Already for half an hour I have been staring at the empty screen in my hotel room, because I know that the thoughts shouting in my head must be somehow verbalised.
Over the last week, I have found myself in a completely different reality. I am surrounded by colours in different shades, sounds of different intensity, tastes I had never tried, gestures completely unfamiliar to me, smiling faces (often with sad eyes) of people I cannot talk to. I am absorbed by this world. I am collecting private pictures and thoughts.
I am used to looking at the world around with the eyes of photography, and in this way I describe it to others. There is some magic in freezing the moment. I often look at the surroundings through camera lenses, waiting for a fraction of one second, just with this particular expression that must be kept forever. The gaze going to my direction reaches everyone who will stop their constant everyday run in order to see my photo.
For the last few days, I have been carrying with me several kilos of cameras and other photography equipment to be able to share with others even a small portion of what I am experiencing here. Actually, I haven’t slept much during the last five days. When the buzz of Cambodia is slowly getting quiet, I look through hundreds of photos from the day, one by one. I am experiencing an emotional rollercoster of this day once again, from the beginning, shot by shot, at a slower pace. I am staring at the details that have not drawn my attention before. I smile, meditate, walk in my hotel room and sometimes I simply cry. This is my time. I know that Cambodia is changing me.
However, there are things that cannot be described by photos. To such things we should dedicate a story…
Over the last few days, I have visited many schools together with Save the Children. At the moment I am already in the capital city preparing for my journey back to Poland. The tasks for our team have almost finished; however, today we also visited one more school, a completely different one: Tould Sleng. It is the former high school that, under the Khmer Rouge regime (1975-1979), was changed into a prison and a place of torture.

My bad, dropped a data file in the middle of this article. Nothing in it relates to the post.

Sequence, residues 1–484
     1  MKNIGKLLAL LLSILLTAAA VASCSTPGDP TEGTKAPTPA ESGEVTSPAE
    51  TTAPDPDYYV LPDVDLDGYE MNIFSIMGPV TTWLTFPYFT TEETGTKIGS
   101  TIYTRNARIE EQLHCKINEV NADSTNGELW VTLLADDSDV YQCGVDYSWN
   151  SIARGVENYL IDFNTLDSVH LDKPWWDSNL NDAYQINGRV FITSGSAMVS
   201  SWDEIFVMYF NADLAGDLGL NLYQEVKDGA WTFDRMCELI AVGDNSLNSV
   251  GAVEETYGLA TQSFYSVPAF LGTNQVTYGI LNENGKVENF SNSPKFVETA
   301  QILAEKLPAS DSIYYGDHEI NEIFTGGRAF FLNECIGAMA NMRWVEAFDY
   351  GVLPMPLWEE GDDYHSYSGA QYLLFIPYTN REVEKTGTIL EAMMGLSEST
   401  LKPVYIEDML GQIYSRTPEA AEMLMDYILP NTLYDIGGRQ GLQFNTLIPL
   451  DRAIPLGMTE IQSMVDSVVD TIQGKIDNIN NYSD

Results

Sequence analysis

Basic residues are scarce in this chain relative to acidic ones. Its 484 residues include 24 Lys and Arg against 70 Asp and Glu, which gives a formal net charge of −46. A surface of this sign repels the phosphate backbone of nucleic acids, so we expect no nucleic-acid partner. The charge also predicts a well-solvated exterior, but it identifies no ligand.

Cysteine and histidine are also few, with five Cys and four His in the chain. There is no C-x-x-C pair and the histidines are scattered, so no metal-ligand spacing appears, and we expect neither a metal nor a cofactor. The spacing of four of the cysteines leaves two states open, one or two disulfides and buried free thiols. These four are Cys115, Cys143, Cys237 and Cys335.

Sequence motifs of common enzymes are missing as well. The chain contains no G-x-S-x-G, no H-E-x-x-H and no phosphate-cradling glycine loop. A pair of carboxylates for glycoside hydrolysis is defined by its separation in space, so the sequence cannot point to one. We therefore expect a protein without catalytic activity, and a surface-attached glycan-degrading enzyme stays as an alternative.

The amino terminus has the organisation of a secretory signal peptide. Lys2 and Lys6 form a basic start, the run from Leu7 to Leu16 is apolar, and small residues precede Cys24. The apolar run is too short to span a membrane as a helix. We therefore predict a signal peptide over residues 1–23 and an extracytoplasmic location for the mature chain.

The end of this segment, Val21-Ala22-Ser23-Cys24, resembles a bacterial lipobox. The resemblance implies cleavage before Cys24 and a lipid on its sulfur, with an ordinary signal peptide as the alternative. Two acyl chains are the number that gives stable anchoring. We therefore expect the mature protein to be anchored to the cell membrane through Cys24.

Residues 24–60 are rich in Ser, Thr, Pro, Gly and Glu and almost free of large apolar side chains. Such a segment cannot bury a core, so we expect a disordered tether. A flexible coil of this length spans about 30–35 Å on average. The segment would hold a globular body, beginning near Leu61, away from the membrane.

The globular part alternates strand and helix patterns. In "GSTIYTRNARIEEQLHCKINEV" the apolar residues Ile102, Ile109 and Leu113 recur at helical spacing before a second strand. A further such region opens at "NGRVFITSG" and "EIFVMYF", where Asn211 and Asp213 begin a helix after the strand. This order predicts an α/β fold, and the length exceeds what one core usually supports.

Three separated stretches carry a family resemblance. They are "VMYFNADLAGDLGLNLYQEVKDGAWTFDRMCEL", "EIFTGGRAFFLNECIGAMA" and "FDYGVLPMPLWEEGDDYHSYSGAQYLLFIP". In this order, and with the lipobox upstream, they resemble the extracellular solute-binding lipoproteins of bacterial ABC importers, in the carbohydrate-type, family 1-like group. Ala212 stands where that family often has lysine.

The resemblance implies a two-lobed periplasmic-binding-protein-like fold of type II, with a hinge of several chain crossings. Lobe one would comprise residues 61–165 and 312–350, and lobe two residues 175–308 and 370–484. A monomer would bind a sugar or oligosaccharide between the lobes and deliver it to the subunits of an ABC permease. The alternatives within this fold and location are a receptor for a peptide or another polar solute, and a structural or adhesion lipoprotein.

Classrooms from this period have remained untouched, and they are currently the museum of genocide. Over those four dramatic years, at least 1.7 million people (20-25% of the total country population) were killed in Cambodia. In the classrooms where there are still blood marks, there are also tools for torturing and hundreds of photos of the victims. Faces of people who were suffering, knowing they would die. The photos were taken and catalogued by executioners from the same nation; although many of these photos were taken very well, they are horrible.
Visiting this school with a guide who was personally affected by those terrifying times has been a difficult journey. There were the moments when I had to leave the building for a second as I was not able to listen. To listen to the stories about sophisticated methods of tortures, children forced to work for 15 hours a day, fed only a spoon of rice, dying of starvation or killed when someone caught them eating anything they had found, hearing about the genocide of the whole Cambodian intelligentsia…
It cannot be understood. The encounter with such reality brings only sadness and shame for what a human being can do to another human being. This must be treated as a lesson. It gives me a better understanding of Cambodia, sad looks, current problems and poverty. Let those photos I took in the torture chambers be a bucket of cold water spilled on my head if I ever complain about my current life.
Only seven prisoners of Tould Sleng survived. Two men are still living, and I have an opportunity to meet them. I know that I must learn about their lives to be taught an even more valuable lesson. Young Chhang, Director of the Documentation Centre in Cambodia, said: “A society cannot know itself if it does not have an accurate memory of its own history.“
When we left that school, it was difficult for all of us to say even one word. We were going back to the hotel in silence. I am staring at this noisy city, and it is hard for me to believe that not so long ago it was full of the blood of thousands of innocent people. How big is the power of this nation where people are so kind and smiling to one another!
Overwhelmed by what I have seen today, I am looking through some photos of children, taken during the last week.
Their eyes are shining full of hope, even though many of them live in very poor conditions. But they are disciplined and happy that they can learn. Many teachers met on our way work with passion because they believe in what they do. When we asked children about their dreams, a majority respond that they want to become teachers. You can easily see there is a true community here, and it is very moving to watch how older children help younger ones, teaching them how to read. It brings hope that Cambodia is facing better and better days to come. After all, it would be difficult to believe that this nation could experience even worse things than the ones still remembered.
All this experience, emotions, pictures still living in my mind let me say only one thing: thank you!
I thank all who dedicate their lives to help children in Cambodia. I thank Save the Children. I thank every teacher, parent and child involved in bringing help.
We can never forget what this nation has gone through.